A Controversial State Funeral
By Takuya Nishimura, Chief Editorial Writer, The Hokkaido Shimbun
October 1, 2022
The views expressed by the author are his own and are not associated with The Hokkaido Shimbun
Sharp antagonisms marked the state requiem for Japan’s late right-leaning former prime minister Shinzo Abe. Not attending were Japan’s Emperor and Empress, the main opposition leaders, or any of the G-7’s top leaders. Across Japan, protesters against spending tax money for the ceremony chanted “No state funeral. In his condolence speech, Prime Minister Fumio Kishida praised Abe, quoting a sentence in English, “Courage is doing what is right.” The national ceremony did resolve these feelings and unexpectedly revealed deep divisions within the nation.
In 1947, the State Funeral Order that determined the Rites for an Imperial Funeral was abolished. Thus, today, there is no legal basis for holding a state funeral. The only exception was the one in 1967 for Japan’s former prime minister Shigeru Yoshida. It too prompted a public discussion on the pros and cons of holding a state funeral. The result was a consensus urging the government to promote further debate for future state funerals. The rest of the funerals of former prime ministers, including Nobel Peace Prize laureate Eisaku Sato or Supreme Order Yasuhiro Nakasone, were held as public ones, although the government paid for them.
Kishida raised four reasons to have the state funeral for Abe: (1) the longest period as a premier; (2) distinguished achievements in restoration from Great East Japan Earthquake, revitalization of Japanese economy, or strategic diplomacy based on Japan-US relationship; (3) broad condolences from overseas; and (4) showing firm opposition against undemocratic violence during the national election. But there are contradictions with each.
In terms of the length of the term, however, Eisaku Sato held office the longest at the time among post-war prime ministers. The restoration policy of the great earthquake originated from the previous Democratic administration. The current growth of the Japanese economy has not surpassed that in the 1960s, 70s or 80s. The most Americanized prime minister may be Nakasone, who called the Japanese archipelago an "unsinkable carrier." And frankly, the volume of foreign condolences or violence in an election campaign should not determine who is worthy a state funeral.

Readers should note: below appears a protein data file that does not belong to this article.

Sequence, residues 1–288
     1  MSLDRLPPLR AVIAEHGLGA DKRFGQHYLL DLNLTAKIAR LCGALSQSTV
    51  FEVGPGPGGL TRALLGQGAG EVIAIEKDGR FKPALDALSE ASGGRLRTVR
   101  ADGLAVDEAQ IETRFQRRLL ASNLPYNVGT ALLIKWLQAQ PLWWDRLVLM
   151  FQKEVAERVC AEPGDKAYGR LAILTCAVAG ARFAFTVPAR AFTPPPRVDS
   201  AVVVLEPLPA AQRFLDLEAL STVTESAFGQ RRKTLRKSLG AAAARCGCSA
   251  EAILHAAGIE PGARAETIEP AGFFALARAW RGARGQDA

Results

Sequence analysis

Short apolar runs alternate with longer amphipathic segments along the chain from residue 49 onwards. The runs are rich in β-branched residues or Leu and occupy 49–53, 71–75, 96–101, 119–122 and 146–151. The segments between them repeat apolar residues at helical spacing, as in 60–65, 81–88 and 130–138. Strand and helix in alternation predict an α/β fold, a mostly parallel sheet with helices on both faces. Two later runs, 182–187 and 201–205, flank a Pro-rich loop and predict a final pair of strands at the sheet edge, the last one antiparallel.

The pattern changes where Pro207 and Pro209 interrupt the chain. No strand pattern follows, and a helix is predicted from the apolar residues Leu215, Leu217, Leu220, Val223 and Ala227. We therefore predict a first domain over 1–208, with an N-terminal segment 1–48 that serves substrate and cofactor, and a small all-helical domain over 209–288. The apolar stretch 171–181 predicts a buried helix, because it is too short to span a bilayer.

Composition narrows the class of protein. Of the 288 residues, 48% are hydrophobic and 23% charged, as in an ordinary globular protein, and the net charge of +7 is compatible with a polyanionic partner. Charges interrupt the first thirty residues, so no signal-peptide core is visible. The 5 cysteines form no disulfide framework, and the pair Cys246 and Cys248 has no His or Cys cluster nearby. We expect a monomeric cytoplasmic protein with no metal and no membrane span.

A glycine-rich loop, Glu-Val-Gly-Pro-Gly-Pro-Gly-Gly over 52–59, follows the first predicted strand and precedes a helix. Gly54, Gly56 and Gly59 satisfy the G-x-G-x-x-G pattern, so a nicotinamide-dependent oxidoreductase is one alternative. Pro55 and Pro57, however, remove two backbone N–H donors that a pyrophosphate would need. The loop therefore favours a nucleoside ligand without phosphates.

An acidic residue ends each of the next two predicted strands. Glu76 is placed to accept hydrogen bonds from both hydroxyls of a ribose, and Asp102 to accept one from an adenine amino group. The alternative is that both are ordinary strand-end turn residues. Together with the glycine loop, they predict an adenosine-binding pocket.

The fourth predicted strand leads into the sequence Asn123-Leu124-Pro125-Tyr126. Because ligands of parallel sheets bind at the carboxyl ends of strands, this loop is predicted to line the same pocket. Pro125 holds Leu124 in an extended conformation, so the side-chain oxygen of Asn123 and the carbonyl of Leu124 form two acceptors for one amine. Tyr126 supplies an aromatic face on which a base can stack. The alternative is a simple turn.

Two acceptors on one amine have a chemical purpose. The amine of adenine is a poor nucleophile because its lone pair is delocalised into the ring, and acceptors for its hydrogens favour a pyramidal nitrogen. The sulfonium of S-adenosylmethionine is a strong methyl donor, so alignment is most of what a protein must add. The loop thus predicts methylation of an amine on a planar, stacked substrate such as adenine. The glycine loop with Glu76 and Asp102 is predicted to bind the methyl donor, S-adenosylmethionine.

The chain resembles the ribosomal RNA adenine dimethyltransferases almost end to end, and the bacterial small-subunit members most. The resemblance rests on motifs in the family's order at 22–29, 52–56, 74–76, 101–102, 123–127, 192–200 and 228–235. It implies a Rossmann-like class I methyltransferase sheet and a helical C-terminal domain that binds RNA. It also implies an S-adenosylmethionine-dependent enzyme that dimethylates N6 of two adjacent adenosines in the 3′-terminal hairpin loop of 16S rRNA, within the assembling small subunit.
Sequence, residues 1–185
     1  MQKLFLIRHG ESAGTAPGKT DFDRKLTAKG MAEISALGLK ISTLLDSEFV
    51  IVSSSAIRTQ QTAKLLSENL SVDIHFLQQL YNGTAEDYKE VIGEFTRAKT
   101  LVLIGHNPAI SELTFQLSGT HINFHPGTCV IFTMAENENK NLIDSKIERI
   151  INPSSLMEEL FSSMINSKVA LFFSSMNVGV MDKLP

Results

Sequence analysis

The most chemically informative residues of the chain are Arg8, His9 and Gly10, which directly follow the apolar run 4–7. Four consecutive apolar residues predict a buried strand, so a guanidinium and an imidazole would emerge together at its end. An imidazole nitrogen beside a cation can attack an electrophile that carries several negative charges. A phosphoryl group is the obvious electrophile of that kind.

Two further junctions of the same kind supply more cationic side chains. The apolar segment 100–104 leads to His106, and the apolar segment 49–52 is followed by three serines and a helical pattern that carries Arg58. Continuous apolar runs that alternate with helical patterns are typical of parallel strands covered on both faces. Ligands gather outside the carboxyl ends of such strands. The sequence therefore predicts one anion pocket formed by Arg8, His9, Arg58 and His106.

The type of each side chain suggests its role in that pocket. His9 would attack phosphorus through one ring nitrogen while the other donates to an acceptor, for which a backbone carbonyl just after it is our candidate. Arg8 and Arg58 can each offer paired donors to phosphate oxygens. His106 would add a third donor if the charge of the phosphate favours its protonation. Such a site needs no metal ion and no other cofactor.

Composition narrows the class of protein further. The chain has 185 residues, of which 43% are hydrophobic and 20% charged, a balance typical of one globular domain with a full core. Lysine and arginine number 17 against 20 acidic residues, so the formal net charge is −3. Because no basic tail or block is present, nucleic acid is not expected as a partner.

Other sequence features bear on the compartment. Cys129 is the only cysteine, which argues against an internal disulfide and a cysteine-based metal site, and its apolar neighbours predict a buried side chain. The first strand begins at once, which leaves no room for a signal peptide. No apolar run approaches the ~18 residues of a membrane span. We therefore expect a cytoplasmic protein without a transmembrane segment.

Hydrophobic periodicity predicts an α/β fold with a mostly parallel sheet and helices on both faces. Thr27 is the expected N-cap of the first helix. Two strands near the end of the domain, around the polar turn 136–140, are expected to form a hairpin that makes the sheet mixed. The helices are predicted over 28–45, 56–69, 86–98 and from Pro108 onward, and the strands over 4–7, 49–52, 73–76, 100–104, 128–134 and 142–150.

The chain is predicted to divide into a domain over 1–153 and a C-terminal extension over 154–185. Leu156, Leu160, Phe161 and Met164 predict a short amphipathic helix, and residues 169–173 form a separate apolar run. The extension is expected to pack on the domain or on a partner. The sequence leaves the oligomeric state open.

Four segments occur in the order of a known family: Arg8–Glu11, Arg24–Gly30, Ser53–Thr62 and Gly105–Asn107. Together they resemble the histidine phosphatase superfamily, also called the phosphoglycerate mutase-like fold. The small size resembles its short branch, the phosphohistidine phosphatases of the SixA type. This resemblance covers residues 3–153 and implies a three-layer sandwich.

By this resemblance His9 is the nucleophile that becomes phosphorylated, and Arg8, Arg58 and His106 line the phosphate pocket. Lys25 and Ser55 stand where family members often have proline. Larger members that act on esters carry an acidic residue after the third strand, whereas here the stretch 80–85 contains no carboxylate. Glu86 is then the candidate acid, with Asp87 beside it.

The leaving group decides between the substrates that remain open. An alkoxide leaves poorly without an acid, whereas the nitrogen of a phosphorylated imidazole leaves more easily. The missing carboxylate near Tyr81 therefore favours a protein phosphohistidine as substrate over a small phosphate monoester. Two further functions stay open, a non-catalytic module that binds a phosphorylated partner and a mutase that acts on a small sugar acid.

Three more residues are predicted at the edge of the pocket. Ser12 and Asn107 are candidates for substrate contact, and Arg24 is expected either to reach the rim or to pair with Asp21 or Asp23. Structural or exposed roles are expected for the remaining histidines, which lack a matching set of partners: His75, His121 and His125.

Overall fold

Kishida insisted that his decision was legally correct, quoting Cabinet Office Establishment Law. Article 4 of the law determines the businesses of the office and Section 3-33 of the article refers to “official works related to the rituals of the nation or the Cabinet.” That is it. There is no evidence that “the rituals” include legally baseless state funerals. The law is nothing more than determining the jobs of the Cabinet Office and has no power to decide what the national rituals are. It may not be Kishida, but his cabinet staff who distortedly interpreted the law.
A state funeral of a national leader should appeal to uniting the nation or legitimacy of power transition. However, Abe’s state funeral did not display unity, but fostered division. The leaders of the main opposition parties refused to join the event. They were frustrated with the process of having the funeral without consulting with the Diet.
Retributive sentiment of the assassin, Tetsuya Yamagami, revealed Abe’s close relationship with the Unification Church, which has been known for its coercive activities of “spiritual sales.” News reports found that Abe distributed the voters of the Unification Church to some candidates of the Liberal Democratic Party in past national elections. Most protesters on the streets realized that Abe would not fit for a state funeral, because of his inappropriate relationship with such an antisocial organization.
Kishida could not anticipate the state funeral of Queen Elizabeth II of Britain before Abe’s. A number of the heads of state gathered in London to show their deepest condolences. The guests included US President Joe Biden, French President Emmanuel Macron, and even the Emperor of Japan, all of whom did not attend Abe’s state funeral. Although the British people formed miles-long queues for mourning the deceased national mother, the Japanese people only made long lines offering flowers as well as demonstrations against the state funeral. The contrast between the UK and Japan may have hurt the sentiment of nationalists in Japan.
Probably worried about his declining support rate, Kishida ignored law and tradition to use Abe’s funeral to publicize his diplomatic strengths. He explained that the funeral would be a good opportunity to meet with world leaders. Kishida reconfirmed Japan’s role in the Indo-Pacific by meeting with US Vice President Kamala Harris and accepting condolences from Indian Prime Minister Narendra Modi. However, no actual foreign policy advances were realized among these short greetings of condolence diplomacy. For addressing the world order threatened by Russian aggression in Ukraine or the unilateral advances of China in the Pacific region, annual General Debates of the United Nations General Assembly the preceding week in New York may have been a more meaningful opportunity.